We’re taking a detour into biology for today’s graphic, looking at the colds that many of us are suffering from at this time of year. It’s doubly topical considering the coronavirus outbreak in China at the time of writing. This graphic highlights the viruses that cause colds and flu and their different characteristics.
Most of us won’t make it through the whole of winter without developing a cold at some point. On average, adults have between two and five colds every year. Children have an average of between seven and ten. Over 200 different viral types are associated with colds, and these can be a little more succinctly divided into several key families.
The major cold-causing viruses in humans are rhinoviruses. This virus isn’t named after the horny African/Asian mammal, but from the Greek ‘rhinos’, meaning ‘of the nose’. This name relates to the fact that rhinoviruses replicate best at the temperatures found in the nose (33–35˚C). For the linguistically curious, the word ‘rhinoceros’ is also of Greek derivation, meaning ‘nose-horned’.
There are three species of rhinovirus that affect humans: A, B and C. Within these there are a large number of different serotypes. Serotypes are viruses that differ in their surface proteins. Over 150 different serotypes of rhinovirus are known, and overall they account for 30-50% of all colds.
Coronaviruses are the next most common virus family behind colds, with seven known species that affect humans. They’ve been behind some high profile cases, including the SARS outbreak several years ago, and the current coronavirus outbreak in China. The symptoms of colds caused by coronaviruses tend to be more severe than those caused by rhinoviruses, and they can also cause pneumonia. Their name comes from the Latin for crown, ‘corona’, for their bulbous, crown-like surface projections.
Another virus type that can cause more serious symptoms is the influenza virus. Infections with this virus are usually referred to as flu, with symptoms including fever. There are 12 known serotypes of influenza A virus, which is the most common in humans and causes yearly flu outbreaks around the world.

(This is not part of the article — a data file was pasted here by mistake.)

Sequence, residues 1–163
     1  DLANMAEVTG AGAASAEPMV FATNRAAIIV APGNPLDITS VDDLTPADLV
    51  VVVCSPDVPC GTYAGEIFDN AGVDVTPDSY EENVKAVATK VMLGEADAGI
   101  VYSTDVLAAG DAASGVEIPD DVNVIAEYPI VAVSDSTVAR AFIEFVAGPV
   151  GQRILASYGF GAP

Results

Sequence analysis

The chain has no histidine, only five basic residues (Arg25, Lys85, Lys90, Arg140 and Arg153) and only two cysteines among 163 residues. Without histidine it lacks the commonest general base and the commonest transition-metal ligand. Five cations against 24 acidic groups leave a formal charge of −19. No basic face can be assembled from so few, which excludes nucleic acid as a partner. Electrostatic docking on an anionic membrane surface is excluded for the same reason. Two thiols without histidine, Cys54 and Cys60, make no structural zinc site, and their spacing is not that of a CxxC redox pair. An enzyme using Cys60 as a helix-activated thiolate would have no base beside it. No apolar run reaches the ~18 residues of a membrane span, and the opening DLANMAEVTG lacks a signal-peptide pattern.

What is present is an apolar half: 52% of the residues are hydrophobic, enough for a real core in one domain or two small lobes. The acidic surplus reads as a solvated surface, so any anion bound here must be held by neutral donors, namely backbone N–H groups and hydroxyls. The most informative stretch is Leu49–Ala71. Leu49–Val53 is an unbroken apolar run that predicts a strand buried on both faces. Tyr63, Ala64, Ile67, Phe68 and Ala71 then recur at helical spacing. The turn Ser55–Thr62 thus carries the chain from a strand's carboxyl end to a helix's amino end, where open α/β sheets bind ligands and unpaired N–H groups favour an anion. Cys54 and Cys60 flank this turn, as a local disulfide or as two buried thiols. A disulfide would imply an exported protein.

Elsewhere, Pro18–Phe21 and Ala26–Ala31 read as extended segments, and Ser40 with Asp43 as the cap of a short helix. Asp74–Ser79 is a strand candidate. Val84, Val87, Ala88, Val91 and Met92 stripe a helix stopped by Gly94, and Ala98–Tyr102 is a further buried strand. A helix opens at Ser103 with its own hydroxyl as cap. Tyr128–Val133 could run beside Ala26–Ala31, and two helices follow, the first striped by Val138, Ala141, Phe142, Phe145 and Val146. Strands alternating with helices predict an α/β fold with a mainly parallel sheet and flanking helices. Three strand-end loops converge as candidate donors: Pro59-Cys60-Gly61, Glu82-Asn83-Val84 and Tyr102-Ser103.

Unlike most other cold viruses, you can get a vaccine against influenza viruses. This is far from practical – as a number of viruses cause colds and flu, and they mutate rapidly, it’s challenging to develop a vaccination that works, and impossible to produce a vaccination that would protect against all cold-causing viruses. However, due to the more serious symptoms and potential for deaths in the elderly and vulnerable, yearly flu vaccines are given. In particular, they’re provided to at-risk groups.
Twice a year, the World Health Organisation directs the production of the flu vaccination based on predictions of the strains of the virus most likely to be circulating. While it does not guarantee that those vaccinated won’t contract flu, most years it provides relatively good protection. The vaccination is only as good as the predictions; if the dominant strains differ from those predicted, the vaccine may be less effective.
Other treatment options for colds are few and far between. As colds and flu are caused by viral infections, antibiotics, which treat bacterial infections, are not effective. There is minimal evidence for the effectiveness of other touted treatments such as vitamin C, garlic and honey. There is some evidence that zinc acetate lozenges reduce the duration of cold symptoms by up to a third if they’re taken within 24 hours of the onset of symptoms.
We don’t even know everything there is to know about the viruses that cause colds and flu. In addition to the viruses we’ve already encountered, several others can cause colds. Respiratory syncytial virus, parainfluenza virus, adenoviruses, enteroviruses, and metapneumovirus are all further types. In addition to these, in 20-30% of colds, the virus causing it can’t be identified. In cases it may be a known virus, but others may be as-yet-undiscovered cold-causing viruses.
In most cases, if you have a cold, you’re infected by just one of the viruses we’ve noted here. In about 5% of cases, though, people with colds are infected with more than one virus type simultaneously. You’re not always likely to know which type of virus you’re infected with, since the treatment options (or lack of) are the same regardless, so it’s not particularly useful to identify. Still, there are some things you can do to relieve the symptoms – and chemistry can help out there, as this graphic in C&EN shows.
Enjoy Compound Interest’s posts? Consider supporting Compound Interest on Patreon!
- Understanding the symptoms of the common cold and influenza (£) – R Eccles
- Viruses and bacteria in the etiology of the common cold – M J Mäkelä and others
- The common cold (£) – T Heikkinen and A Järvinen